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RIP, Gerald Ford

Former President Gerald Ford passed away yesterday at the age of 93.

Former President Gerald R. Ford, who declared “Our long national nightmare is over” as he replaced Richard Nixon but may have doomed his own chances of election by pardoning his disgraced predecessor, has died. He was 93.

The nation’s 38th president, and the only one elected to neither the office of president nor vice president, died at his desert home at 6:45 p.m. Tuesday.

“His life was filled with love of God, his family and his country,” his wife, Betty, said in a statement.

Ford was the longest living former president, surpassing Ronald Reagan, who died in June 2004, by more than a month.

[…]

Ford was an accidental president. A Michigan Republican elected to Congress 13 times before becoming the first appointed vice president in 1973 after Spiro Agnew left amid scandal, Ford was Nixon’s hand-picked successor, a man of much political experience who had never run on a national ticket. He was as open and straightforward as Nixon was tightly controlled and conspiratorial.

Ford took office moments after Nixon resigned in disgrace over Watergate.

“My fellow Americans,” Ford said, “our long national nightmare is over. Our Constitution works. Our great republic is a government of laws and not of men. Here the people rule.”

And, true to his reputation as unassuming Jerry, he added: “I am acutely aware that you have not elected me as your president by your ballots. So I ask you to confirm me with your prayers.”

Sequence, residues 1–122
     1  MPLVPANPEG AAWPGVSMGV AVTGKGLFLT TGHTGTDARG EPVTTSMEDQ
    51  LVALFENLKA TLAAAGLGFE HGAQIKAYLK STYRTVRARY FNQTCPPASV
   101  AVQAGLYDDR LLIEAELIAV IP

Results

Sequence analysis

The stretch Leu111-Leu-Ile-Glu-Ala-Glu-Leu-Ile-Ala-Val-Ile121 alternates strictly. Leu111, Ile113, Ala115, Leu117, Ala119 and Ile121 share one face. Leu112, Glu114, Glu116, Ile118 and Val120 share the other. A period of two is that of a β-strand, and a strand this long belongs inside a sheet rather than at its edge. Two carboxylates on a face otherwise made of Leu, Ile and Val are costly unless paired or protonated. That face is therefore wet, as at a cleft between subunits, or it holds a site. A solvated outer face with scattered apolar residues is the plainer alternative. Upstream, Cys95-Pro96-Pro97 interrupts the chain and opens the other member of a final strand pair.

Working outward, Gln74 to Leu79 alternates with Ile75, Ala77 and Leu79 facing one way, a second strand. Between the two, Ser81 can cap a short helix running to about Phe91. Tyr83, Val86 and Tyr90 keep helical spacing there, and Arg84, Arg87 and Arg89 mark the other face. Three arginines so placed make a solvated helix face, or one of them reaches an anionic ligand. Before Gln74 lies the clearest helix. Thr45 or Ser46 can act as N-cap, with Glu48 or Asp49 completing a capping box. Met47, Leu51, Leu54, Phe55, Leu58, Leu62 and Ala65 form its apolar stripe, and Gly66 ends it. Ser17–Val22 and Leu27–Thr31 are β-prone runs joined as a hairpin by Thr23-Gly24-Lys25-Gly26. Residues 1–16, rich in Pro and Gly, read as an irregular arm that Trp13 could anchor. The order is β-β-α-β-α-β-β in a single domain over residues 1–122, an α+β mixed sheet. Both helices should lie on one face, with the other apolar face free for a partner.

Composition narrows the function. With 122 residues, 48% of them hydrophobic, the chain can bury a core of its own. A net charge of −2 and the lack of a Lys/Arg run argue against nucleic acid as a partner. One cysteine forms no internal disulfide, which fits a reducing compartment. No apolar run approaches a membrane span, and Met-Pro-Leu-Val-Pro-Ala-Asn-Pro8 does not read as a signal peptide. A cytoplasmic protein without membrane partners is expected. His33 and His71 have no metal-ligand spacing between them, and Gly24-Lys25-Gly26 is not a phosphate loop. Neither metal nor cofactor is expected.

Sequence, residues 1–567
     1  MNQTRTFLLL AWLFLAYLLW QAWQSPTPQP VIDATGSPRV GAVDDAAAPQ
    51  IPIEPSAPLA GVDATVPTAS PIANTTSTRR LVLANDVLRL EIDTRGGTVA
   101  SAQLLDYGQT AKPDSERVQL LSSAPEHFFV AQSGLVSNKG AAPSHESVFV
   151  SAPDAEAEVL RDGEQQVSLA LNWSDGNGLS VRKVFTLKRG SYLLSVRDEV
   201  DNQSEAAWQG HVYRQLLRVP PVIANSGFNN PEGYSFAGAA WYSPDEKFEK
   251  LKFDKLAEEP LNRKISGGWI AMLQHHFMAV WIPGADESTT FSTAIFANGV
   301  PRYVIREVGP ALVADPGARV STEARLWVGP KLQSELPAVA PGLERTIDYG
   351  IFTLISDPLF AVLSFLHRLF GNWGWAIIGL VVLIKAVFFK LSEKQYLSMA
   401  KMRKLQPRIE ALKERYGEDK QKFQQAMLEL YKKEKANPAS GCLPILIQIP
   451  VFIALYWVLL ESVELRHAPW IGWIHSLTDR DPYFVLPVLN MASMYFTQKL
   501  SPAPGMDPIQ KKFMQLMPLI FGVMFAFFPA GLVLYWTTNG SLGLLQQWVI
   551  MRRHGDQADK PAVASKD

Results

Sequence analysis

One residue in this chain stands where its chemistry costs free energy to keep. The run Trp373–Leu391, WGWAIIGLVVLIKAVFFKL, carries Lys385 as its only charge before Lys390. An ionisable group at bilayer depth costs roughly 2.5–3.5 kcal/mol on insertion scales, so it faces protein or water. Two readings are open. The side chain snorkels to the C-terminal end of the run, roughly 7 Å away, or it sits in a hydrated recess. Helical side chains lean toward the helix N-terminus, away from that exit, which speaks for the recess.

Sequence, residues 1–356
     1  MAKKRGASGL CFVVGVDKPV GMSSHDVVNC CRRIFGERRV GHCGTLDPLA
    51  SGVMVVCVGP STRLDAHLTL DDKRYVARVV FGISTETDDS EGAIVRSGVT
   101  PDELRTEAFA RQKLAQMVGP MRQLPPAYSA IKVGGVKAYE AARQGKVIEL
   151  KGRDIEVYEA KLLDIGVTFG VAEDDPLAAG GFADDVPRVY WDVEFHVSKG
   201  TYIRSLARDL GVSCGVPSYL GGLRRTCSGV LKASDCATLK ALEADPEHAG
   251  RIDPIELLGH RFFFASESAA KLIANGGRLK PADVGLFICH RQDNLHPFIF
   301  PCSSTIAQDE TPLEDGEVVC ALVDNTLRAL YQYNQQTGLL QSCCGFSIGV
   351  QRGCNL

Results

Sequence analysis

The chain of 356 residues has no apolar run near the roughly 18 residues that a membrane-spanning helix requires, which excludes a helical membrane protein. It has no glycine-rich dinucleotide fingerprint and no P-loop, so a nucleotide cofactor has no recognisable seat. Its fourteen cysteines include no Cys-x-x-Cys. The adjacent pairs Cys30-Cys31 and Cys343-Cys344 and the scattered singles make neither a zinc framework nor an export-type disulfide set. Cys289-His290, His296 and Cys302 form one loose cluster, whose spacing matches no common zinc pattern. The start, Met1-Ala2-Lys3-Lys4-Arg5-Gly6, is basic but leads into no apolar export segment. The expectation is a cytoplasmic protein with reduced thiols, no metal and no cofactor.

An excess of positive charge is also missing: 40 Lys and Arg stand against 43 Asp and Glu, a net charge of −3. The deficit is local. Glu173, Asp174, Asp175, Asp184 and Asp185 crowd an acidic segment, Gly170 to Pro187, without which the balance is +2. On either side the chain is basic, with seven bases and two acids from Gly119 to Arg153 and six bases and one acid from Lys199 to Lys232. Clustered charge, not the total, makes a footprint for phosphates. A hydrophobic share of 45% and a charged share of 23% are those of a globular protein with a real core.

He revived the debate over Watergate a month later by granting Nixon a pardon for all crimes he committed as president.

That single act, it was widely believed, contributed to Ford losing election to a term of his own in 1976. But it won praise in later years as a courageous act that allowed the nation to move on.

I’ll let history judge Ford’s actions in pardoning Richard Nixon. I think Atrios provides a little perspective on that to counterbalance the story line that you’ll read in most of the obits. Make of it what you will.

For what it’s worth, I barely remember Ford’s presidency. I remember Nixon’s resignation, and I remember Carter’s election, but there’s nothing about Ford that stands out in my mind (well, okay, there was Chevy Chase’s portrayal, but I don’t think I saw any of that until years later). I recall participating in a fifth grade class project on the 1976 election, and deciding that I supported Carter because I didn’t think it was right that a guy who hadn’t been elected President or Vice President should be President, but that’s about it. Like everyone else, I always perceived him as a decent enough fellow. I don’t have much beyond that.

Rest in peace, Gerald Ford.

UPDATE: Jim Henley and Steve Benen have interesting takes as well.

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2 Comments

  1. Wich says:

    Hmm, me thinks you’re forgetting that other non-elected president…

  2. Burt Levine says:

    In all the mentioning that Ford was never elected on a nation-wide ticket before he became vice president or president it must be noted he also was never elected on a statewide ticket before he became vp or president.

    The only folks ever to vote for him as a majority where the voters of his one house district in Michigan but not a whole state because not only had he never won for vp or president in an election but he also never won for us senator or gov in election.

    Even Dick Cheney, like him or dislike him and I’m on record he wasn’t my pref for the GOP nod for vp, had been elected statewide for wyo congressman because only has one congressman a George HW Bush ran statewide twice.